D-Link DIR-867 Review (Page 4 of 5)

Page 4 - Performance Tests

For the tests, the wireless router was placed in the middle of the main floor of my house. An ASUSTOR AS3202T network attached storage equipped with a single Seagate NAS HDD ST4000VN000 4TB was connected to the router via a CAT5e cable on a Gigabit Ethernet connection. On the client side, a 2015 13" Apple MacBook Pro running Totusoft's LAN Speed Test application was used to transfer 500MB test files to evaluate real-world throughput. In our results, "upload" is defined as data transfer from the client to the server via the wireless router; conversely, "download" is defined as data transfer from the server to the client via the wireless router.

A brief description of the test locations is as follows:

- Location 1: Line of sight to router, approximately 2m distance
- Location 2: Non-line of sight to router, bedroom, one floor up
- Location 3: Non-line of sight to router, driveway in front of attached garage, same level
- Location 4: Non-line of sight to router, near end of backyard, one floor down
- Location 5: Non-line of sight to router, open area, one floor down

Compared Hardware:
- D-Link DIR-867 (AC1750)
- D-Link Covr (AC2600 Router, AC1300 Extender)
- Linksys Velop (AC2200 Mesh)
- Linksys WRT3200ACM (AC3200)
- TP-Link Archer C2300 (AC2300)
- TP-Link Archer C3150 (AC3150)
- TP-Link Deco M5 (AC1300 Mesh)

Since wireless channels are generally characterized by path loss, large scale fading, and small scale fading, the router was tested in five different locations described above to comprehensively measure its true throughput performance. This includes a combination of line of sight and non-light of sight spots, different distance and positions relative to the router, as well as shadowing caused by objects between the laptop and the router. In order to overcome inconsistencies due to small scale fading, a relatively large 500MB test file was used. Furthermore, movement of people and objects within the vicinity of the devices during testing was eliminated whenever possible.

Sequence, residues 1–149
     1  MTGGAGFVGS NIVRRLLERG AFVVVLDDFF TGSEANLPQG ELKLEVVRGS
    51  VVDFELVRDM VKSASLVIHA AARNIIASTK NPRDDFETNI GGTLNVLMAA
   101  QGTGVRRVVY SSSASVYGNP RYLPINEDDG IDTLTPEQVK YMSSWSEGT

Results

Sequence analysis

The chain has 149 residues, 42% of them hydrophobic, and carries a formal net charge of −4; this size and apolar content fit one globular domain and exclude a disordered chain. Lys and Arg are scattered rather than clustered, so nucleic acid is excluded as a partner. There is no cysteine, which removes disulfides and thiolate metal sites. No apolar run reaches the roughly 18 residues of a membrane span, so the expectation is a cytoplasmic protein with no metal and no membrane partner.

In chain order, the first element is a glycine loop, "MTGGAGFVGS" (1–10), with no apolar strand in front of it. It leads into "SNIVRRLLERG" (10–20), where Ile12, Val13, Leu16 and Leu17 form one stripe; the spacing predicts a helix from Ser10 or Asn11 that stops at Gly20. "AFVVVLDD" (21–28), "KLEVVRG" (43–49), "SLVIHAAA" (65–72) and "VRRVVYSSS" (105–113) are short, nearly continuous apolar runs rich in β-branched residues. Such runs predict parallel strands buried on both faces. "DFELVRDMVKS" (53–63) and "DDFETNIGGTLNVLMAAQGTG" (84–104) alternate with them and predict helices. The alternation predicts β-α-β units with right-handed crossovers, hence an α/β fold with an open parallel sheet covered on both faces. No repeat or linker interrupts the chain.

In Location 1, the D-Link DIR-867 delivered the highest throughput; besting even the venerable Linksys WRT3200ACM. The same went for Location 2, where the D-Link DIR-867 pushed a higher download speed than both the WRT3200ACM and TP-Link Archer C3150, although its upload speed was not as good as the Linksys performance router. Location 2 and Location 5 are almost just above or below the router, respectively, showing the DIR-867's antenna array strength when the MacBook Pro is not just adjacent to the device, but also on top and below. The D-Link DIR-867 seemed to do very well when the laptop is below it, with its download speed nearing 800Mbps. In Location 3, D-Link's DIR-867 outperformed the WRT3200ACM in upload by a good margin, but was unable to match its download speed. Location 4 is a tricky scenario, where the distance is not only the longest compared to all the other locations, but the laptop is also located a level below the router. That said, a few glass windows in between help with the signal. In this case, both the WRT3200ACM and Archer C3150 had considerably better range compared to the DIR-867, where the budget D-Link router finally fell behind the considerably higher priced routers.

All in all, the D-Link DIR-867 is a solid router that delivers great wireless throughput at short range; hitting 789.96Mbps peak and never dipping below 100Mbps download even in our toughest test location. At medium to long range, it falls behind the performance units. Considering this is a budget router rated at only AC1750, it is impressive the D-Link DIR-867 can compete in the same league as the big boys and even take home a few wins.

Page Index
1. Introduction, Packaging, Specifications
2. Physical Look - Hardware
3. Configuration and User Interface
4. Performance Tests
5. Conclusion